by Dana George | Updated July 17, 2021 - First published on Oct. 22, 2019
Many or all of the products here are from our partners. We may earn a commission from offers on this page. It’s how we make money. But our editorial integrity ensures our experts’ opinions aren’t influenced by compensation. Terms may apply to offers listed on this page.
You may be surprised by where your bank invests your money. Find out, and then decide if an ethical bank is for you.
I was recently in the Jesse James Bank Museum in Missouri, an establishment locals believe Jesse and his gang robbed back in 1866. I have my doubts (I've had my eye on the disbanded Quantrill Raiders for some time), but I digress. As I stood in the bank, soaking in the ambience, I realized that banks really haven't changed much since 1866. Yes, we have ATMs, wire transfers, money market accounts, and online banking. But customers still walk up to the counter for help. Cash is still locked in a vault. And, like all businesses, banks are still in the business of making money.
In recent years, customers have become more conscious of the role they play in the process, which has lead to a rise in ethical banking. This is also in part down to the financial crisis, which saw consumers look for increased transparency and accountability as they became more concerned with the way banks manage their money.
And some American banks are knocking it out of the park in terms of ethical practices. Earlier this year, U.S. Bank was named one of the World's Most Ethical Companies by the Ethisphere Institute -- a company that helps banks (and other businesses) set corporate ethical standards and measures how well each company is doing. Other American banks mentioned were Fifth Third and Old National.
Tips and tricks from the experts delivered straight to your inbox that could help you save thousands of dollars. Sign up now for free access to our Personal Finance Boot Camp.
By submitting your email address, you consent to us sending you money tips along with products and services that we think might interest you. You can unsubscribe at any time. Please read our Privacy Statement and Terms & Conditions.
Everybody has different ethical lines, and we don't all care about the same things. But what the rise in ethical banking does is allow consumers to make more active decisions about who they want to trust with their money.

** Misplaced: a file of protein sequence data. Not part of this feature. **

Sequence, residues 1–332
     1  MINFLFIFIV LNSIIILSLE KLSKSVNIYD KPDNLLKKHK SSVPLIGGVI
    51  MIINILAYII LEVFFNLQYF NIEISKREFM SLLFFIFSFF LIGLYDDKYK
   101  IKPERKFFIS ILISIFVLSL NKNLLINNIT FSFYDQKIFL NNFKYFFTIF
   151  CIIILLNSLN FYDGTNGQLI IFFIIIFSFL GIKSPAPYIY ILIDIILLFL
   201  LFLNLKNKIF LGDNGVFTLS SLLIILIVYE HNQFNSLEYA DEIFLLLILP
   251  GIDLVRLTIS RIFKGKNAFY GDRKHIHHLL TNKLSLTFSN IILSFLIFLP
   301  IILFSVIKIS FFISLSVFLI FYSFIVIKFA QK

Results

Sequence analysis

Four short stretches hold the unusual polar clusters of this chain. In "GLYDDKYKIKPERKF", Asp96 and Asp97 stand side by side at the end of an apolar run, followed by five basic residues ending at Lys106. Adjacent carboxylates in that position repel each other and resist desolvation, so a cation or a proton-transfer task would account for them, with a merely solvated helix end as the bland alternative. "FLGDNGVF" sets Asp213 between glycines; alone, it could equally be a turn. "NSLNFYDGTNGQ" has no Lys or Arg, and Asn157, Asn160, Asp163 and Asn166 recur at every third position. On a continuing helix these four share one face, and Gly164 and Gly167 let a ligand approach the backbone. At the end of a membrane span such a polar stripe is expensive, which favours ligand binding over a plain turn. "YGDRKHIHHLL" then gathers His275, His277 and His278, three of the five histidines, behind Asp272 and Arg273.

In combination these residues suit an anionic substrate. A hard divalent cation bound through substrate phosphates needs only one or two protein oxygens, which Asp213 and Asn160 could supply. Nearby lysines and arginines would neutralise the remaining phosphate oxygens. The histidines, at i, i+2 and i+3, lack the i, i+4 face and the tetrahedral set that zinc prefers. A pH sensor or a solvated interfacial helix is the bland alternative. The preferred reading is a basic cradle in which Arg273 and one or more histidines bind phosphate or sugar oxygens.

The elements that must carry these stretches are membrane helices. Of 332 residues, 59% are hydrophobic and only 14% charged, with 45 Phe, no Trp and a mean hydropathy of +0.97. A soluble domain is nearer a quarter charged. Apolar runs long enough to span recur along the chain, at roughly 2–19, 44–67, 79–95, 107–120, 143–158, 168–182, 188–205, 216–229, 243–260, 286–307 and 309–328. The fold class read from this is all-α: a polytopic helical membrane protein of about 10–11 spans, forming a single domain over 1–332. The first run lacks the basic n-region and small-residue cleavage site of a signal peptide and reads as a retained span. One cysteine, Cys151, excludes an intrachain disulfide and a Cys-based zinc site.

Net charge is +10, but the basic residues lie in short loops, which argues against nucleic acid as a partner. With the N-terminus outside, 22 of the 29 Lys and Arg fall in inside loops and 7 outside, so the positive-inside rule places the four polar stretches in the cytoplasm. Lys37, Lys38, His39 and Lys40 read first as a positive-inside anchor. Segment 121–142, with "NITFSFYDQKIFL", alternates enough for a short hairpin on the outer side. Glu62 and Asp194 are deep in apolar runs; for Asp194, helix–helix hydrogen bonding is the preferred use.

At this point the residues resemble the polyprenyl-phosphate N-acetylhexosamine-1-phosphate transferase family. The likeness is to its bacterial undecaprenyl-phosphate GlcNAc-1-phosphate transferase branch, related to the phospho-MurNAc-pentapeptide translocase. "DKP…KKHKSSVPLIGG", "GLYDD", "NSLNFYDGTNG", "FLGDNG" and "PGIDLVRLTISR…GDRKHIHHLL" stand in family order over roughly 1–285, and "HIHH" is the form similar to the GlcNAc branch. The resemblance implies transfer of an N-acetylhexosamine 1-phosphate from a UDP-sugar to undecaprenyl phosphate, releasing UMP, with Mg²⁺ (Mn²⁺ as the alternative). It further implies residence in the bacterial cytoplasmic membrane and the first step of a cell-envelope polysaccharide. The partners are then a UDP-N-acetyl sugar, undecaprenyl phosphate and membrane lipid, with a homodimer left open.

For example, there are some people who don't want their money to be used for fossil fuel investments, and others who oppose arms dealing or the gun industry. Those consumers are now able to quite literally put their money where their mouths are by refusing to support businesses they do not agree with.
Other consumers are concerned about the behavior of their banks. During the 2016 election cycle, big commercial banks donated $40,730,096 to political candidates. This may not be something that bothers you; in fact, you may want your bank to be politically active in this way. But if it does bother you, you no longer have to go off grid to escape it.
The crux of the debate is that some believe a company's only responsibility is to make profits for its shareholders. Others think that companies also have responsibilities to society. Proponents of ethical banking argue that it is possible to do both. The Global Alliance for Banking on Values (GABV), made up of more than 40 banking institutions worldwide, believes that ethical banks can actually strengthen the financial markets.
The GABV found that sustainability-focused banks dedicated to supporting economic, social, and environmental impact deliver steady financial returns, particularly since the Great Recession. For example, after the recession, ethical institutions kept their focus on customers, granting loans and helping them open interest-bearing accounts. In other words, they carried on so that customers could carry on. In 2017, loans accounted for 40.52% of business activity for big banks, while loans accounted for 77% of activity for ethical and sustainable banks.
GABV found that ethical banks can outperform big banks in terms of profitability as well. From 2007 to 2017, ethical banks had a Return on Equity (ROE) of 3.98%, as compared to 1.23% brought in by other banks.
If you are looking for an ethical bank, there are a number you can choose from. And of course, you'll need one that ticks your boxes both in terms of their values and the way they work. If you are trying to choose an ethical bank, here are some questions you should ask yourself:
It is easy to fall down a bit of a rabbit hole when looking for ethical organizations as it is hard to recognize greenwashing or know how far down the supply chain to go when it comes to checking best practices.
But luckily, there are some stamps of excellence to watch out for.
If you've decided that it's time to move on, breaking up with your current financial institution can be accomplished in five steps:
It was slim pickings back in 1866 when Jesse James and company (possibly) robbed the Liberty Bank. It wasn't as though there was a bank on every corner. Today, the options are practically limitless and there's something for everyone. There's no reason to stick with a bank that does not reflect your values.
Many people are missing out on guaranteed returns as their money languishes in a big bank savings account earning next to no interest. The Ascent's picks of the best online savings accounts can earn you more than 8x the national average savings account rate.
We’re firm believers in the Golden Rule, which is why editorial opinions are ours alone and have not been previously reviewed, approved, or endorsed by included advertisers. The Ascent does not cover all offers on the market. Editorial content from The Ascent is separate from The Motley Fool editorial content and is created by a different analyst team.